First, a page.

State mandatory seat belt laws have become stricter over time, allowing for a vehicle to be stopped solely for a suspected seat belt infraction. While effective in reducing traffic fatalities, this additional discretion may also come with the possibility of increased racial targeting. Using individual-level traffic stop data, I combine recent advances in the Veil-of-Darkness test with a difference-in-difference identification strategy to estimate whether primary seat belt laws are associated with changes in the racial composition of seat belt stops. Results indicate that under primary seat belt enforcement, a black individual is 1.138–1.222 times more likely than a white individual to be stopped for a seat belt violation under the good visibility of daylight compared to the poor visibility of darkness. These additional stops end mostly in warnings, suggesting the law is used to increase the number of pretextual stops made, specifically on black drivers.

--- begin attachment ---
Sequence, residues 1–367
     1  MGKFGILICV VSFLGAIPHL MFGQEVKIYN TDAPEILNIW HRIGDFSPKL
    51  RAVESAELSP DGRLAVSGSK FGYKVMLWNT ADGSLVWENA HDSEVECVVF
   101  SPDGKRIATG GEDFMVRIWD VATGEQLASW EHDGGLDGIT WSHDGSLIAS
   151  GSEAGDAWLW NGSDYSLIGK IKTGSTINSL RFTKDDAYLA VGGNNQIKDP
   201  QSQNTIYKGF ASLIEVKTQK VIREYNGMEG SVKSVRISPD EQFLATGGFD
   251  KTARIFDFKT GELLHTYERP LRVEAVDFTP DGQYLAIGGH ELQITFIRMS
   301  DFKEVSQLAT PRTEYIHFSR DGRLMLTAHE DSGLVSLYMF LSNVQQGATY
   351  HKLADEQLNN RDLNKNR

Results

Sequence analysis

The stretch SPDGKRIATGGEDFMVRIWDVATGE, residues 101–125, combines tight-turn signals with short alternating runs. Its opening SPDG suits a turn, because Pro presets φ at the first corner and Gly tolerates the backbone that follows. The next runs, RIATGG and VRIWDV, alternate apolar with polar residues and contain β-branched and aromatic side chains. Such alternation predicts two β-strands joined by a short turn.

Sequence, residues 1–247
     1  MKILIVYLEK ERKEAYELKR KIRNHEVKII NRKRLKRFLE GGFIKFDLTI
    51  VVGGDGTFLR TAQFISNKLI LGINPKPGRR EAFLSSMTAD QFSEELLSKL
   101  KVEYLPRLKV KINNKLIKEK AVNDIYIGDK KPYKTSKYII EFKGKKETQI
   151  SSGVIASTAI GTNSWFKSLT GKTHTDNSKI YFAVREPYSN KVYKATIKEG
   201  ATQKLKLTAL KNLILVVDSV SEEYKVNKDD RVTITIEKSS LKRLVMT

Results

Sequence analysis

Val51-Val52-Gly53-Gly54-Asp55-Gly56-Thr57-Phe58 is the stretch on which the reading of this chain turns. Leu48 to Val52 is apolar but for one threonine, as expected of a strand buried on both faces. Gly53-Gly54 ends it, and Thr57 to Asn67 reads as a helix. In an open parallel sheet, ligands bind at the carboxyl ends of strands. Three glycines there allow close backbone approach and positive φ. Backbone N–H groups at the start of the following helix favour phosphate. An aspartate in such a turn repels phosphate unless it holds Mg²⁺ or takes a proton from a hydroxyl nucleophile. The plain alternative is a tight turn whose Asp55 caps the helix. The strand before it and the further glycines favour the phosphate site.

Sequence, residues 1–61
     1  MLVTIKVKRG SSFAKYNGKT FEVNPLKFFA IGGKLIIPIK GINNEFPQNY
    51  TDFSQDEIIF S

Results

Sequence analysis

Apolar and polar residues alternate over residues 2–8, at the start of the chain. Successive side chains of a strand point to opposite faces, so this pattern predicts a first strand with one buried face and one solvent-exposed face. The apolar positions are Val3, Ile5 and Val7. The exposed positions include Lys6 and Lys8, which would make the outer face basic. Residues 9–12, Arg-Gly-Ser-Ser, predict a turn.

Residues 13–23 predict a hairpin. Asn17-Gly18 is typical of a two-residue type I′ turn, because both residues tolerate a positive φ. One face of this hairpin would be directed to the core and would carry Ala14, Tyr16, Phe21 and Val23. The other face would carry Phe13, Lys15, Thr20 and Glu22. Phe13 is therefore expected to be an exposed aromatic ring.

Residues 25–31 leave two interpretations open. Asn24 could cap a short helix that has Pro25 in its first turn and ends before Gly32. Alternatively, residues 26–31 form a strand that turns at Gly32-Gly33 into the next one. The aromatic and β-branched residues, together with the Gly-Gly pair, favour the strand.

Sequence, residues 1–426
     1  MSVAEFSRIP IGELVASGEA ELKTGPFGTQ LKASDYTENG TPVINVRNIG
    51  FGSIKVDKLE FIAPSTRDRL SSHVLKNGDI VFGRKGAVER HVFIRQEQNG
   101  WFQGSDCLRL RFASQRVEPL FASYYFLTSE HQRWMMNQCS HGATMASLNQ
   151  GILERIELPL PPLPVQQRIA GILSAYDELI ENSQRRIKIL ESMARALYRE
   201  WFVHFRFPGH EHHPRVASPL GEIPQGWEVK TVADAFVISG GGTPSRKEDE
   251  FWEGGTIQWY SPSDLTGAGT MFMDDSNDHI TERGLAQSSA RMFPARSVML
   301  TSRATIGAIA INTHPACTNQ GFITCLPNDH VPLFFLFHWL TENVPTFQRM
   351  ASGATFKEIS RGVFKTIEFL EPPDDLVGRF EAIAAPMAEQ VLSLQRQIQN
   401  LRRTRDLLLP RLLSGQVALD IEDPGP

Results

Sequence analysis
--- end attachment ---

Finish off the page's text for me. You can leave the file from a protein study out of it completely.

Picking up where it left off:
I thank seminar participants at Bryant University, the University of Hartford, the Southern Economic Association Annual Conference and the Western Economic Association Annual Conference for their comments and suggestions. Any errors are my own.
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